Investment Thesis: While the rebound in sales growth for Air France-KLM (OTCPK:AFLYY) has been encouraging – I see little case for upside in the short to medium-term.
In a previous article back in June, I made the argument that Air France-KLM could continue to see volatility in its stock price as a result of ongoing travel disruptions due to high demand and labor shortages.
I also cited that Q2 figures are likely to give a good indication as to whether the revenue growth that we saw in the previous quarter is set to continue. Investors are also likely to pay attention to debt levels, in order to ensure that the company can finance such revenue growth without having to bolster debt levels.
While we saw the stock decline into July, we have seen a rebound since then:
The purpose of this article is to assess whether Air France-KLM could continue to see a rebound in growth based on the two catalysts that I previously cited as potentially boosting the stock – namely a recovery in revenue growth as well as a decline in lease debt levels relative to total assets. Note that the above stock as well as financial statement figures cited in this article are given in euros.
From a revenue standpoint, we can see a strong boost from levels seen for the first half of 2021:
While net income was still negative, the company greatly reduced its net income loss from -€5.87 to -€0.42.
From a cash standpoint, the quick ratio (cash minus inventories all over current liabilities) has declined slightly. While cash and cash equivalents increased – this was accompanied by an increase in total current liabilities. As such, the company has slightly less cash available to fund its current liabilities.
Dec 2021 Jun 2022 Cash and cash equivalents 6658 8173 Inventories 567 654 Total current liabilities 11726 15335 Quick ratio 0.52 0.49 Click to enlarge
Source: Figures sourced from Air France-KLM Consolidated Financial Statements January – June 2022. Quick ratio calculated by author.
While the quick ratio has declined slightly – this is somewhat expected given that servicing the rebound in revenue growth will necessarily incur higher costs. Given that the quick ratio has only fallen marginally – I take the view that investors are more focused on revenue growth at this point in time, and the fact that cash levels themselves have still grown since December is encouraging.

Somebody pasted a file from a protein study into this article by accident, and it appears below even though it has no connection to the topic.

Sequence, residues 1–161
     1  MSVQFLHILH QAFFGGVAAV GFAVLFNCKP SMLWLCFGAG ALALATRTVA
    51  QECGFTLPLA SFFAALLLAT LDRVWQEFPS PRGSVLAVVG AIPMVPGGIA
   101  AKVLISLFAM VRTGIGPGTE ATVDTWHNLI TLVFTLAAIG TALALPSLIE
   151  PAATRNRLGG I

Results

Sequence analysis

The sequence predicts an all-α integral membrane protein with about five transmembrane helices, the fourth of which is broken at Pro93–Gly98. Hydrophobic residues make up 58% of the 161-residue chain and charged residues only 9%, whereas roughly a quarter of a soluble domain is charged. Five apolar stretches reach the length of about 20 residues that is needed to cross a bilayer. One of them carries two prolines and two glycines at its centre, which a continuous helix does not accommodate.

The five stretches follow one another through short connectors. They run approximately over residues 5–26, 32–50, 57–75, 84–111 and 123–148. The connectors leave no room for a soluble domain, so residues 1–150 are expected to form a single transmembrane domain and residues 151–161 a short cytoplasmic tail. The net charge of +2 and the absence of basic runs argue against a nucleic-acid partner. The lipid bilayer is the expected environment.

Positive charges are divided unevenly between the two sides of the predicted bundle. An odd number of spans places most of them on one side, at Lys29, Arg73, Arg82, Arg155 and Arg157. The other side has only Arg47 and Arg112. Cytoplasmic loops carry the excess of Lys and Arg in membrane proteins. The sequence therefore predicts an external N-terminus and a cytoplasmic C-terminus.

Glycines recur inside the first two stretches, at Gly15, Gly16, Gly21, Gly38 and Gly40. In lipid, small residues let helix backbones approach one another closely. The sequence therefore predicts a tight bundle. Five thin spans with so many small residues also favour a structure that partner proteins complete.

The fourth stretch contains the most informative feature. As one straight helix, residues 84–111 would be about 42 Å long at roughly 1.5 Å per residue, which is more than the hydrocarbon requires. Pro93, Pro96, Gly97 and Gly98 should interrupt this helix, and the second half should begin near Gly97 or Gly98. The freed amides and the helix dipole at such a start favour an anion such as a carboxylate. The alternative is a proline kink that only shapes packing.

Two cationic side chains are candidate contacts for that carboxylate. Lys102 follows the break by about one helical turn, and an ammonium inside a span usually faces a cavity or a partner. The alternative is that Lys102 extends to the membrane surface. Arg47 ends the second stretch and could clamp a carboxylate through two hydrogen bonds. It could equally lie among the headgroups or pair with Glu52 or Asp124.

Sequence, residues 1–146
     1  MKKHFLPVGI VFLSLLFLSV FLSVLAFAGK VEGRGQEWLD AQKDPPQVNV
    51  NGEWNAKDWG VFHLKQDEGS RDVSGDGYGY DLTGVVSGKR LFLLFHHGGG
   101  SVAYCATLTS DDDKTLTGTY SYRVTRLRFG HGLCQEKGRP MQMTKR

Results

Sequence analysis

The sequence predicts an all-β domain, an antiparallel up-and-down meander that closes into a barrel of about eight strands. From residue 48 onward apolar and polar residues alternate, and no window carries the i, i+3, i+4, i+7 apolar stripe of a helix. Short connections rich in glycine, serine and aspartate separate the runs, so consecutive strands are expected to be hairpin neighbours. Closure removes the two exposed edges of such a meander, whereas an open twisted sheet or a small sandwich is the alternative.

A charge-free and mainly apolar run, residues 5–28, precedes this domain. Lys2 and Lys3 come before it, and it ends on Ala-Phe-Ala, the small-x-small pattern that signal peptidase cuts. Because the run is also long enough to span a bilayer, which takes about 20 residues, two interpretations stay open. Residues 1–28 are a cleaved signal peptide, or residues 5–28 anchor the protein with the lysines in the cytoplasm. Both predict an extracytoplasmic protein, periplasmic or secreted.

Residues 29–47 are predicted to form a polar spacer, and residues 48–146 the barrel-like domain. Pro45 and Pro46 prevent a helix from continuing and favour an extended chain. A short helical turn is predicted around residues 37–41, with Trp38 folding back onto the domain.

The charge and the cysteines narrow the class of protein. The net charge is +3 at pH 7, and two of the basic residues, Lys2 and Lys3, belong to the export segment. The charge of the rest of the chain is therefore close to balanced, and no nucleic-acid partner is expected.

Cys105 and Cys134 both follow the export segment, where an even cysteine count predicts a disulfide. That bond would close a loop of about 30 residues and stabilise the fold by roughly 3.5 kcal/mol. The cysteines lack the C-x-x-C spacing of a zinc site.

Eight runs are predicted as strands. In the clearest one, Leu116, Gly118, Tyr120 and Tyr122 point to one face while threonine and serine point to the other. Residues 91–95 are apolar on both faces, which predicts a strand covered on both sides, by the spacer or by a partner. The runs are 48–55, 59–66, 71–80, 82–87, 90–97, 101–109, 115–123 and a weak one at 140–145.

When looking at non-current lease debt relative to total assets – we can see that the ratio has increased – albeit slightly. On the whole, the increase in lease debt has been accompanied by an increase in total assets.
Dec 2021 Jun 2022 Non-current lease debt 2924 3335 Total assets 30683 34350 Non-current lease debt to total assets ratio 9.53% 9.71% Click to enlarge
Source: Figures sourced from Air France-KLM Consolidated Financial Statements January – June 2022. Non-current lease debt to total assets ratio calculated by author.
Overall, Air France-KLM has managed to strongly bolster revenue growth while maintaining its cash reserves and controlling its longer-term debt levels – which is encouraging.
Going forward – while performance in July and August are likely to sustain revenue growth heading into Q3 – the seasonal lull in travel in the winter months may place downward pressure on revenue for the second half of the year as a whole.
Given that Air France-KLM is still technically loss-making – it does not make sense to attempt to value the company on an earnings basis at this time.
In terms of performance vis-a-vis the company’s competitors – cancellations and travel caps could stand to limit revenue growth for the remainder of the summer months. When looking at cancellations across major airport hubs across Europe – we can see that Amsterdam’s Schiphol Airport (which is KLM’s primary hub) has seen the most cancellations:
Moreover, KLM itself has reportedly canceled more flights than other major airlines in Europe.
Additionally, the company reports that reimbursing customers for such cancellations has cost the airline over €70 million during Q2 2022.
From this standpoint – while the company has seen a strong uptick in revenue as a result of the rebound in travel demand – there is a risk that the rebound in sales growth could plateau if customers increasingly opt for other airlines due to perceived cancellation risk through booking with KLM.
To conclude, Air France-KLM has seen a strong rebound in revenue growth and has maintained a steady cash position.
However, earnings still remain negative and until we see evidence of a significant reduction in flight cancellations – then I take the view that the stock may have limited upside in the short to medium-term.